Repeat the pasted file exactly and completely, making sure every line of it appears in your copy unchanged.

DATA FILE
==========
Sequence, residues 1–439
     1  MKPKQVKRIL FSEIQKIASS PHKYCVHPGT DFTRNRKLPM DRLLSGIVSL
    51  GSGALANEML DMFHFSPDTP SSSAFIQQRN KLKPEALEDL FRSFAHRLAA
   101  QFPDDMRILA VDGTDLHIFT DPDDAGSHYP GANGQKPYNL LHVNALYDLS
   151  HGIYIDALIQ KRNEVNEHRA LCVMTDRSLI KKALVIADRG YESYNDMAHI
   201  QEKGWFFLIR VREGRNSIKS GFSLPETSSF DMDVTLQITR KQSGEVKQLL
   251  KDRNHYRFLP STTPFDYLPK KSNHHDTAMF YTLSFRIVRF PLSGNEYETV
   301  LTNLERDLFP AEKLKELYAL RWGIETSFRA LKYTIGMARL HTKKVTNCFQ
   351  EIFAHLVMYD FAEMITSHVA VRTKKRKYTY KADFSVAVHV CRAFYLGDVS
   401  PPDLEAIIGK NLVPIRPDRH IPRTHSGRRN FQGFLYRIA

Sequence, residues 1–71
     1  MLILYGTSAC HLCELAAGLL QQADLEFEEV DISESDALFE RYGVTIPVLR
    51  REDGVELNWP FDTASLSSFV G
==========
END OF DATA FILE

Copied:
Sequence, residues 1–439
     1  MKPKQVKRIL FSEIQKIASS PHKYCVHPGT DFTRNRKLPM DRLLSGIVSL
    51  GSGALANEML DMFHFSPDTP SSSAFIQQRN KLKPEALEDL FRSFAHRLAA
   101  QFPDDMRILA VDGTDLHIFT DPDDAGSHYP GANGQKPYNL LHVNALYDLS
   151  HGIYIDALIQ KRNEVNEHRA LCVMTDRSLI KKALVIADRG YESYNDMAHI
   201  QEKGWFFLIR VREGRNSIKS GFSLPETSSF DMDVTLQITR KQSGEVKQLL
   251  KDRNHYRFLP STTPFDYLPK KSNHHDTAMF YTLSFRIVRF PLSGNEYETV
   301  LTNLERDLFP AEKLKELYAL RWGIETSFRA LKYTIGMARL HTKKVTNCFQ
   351  EIFAHLVMYD FAEMITSHVA VRTKKRKYTY KADFSVAVHV CRAFYLGDVS
   401  PPDLEAIIGK NLVPIRPDRH IPRTHSGRRN FQGFLYRIA

Sequence, residues 1–71
     1  MLILYGTSAC HLCELAAGLL QQADLEFEEV DISESDALFE RYGVTIPVLR
    51  REDGVELNWP FDTASLSSFV G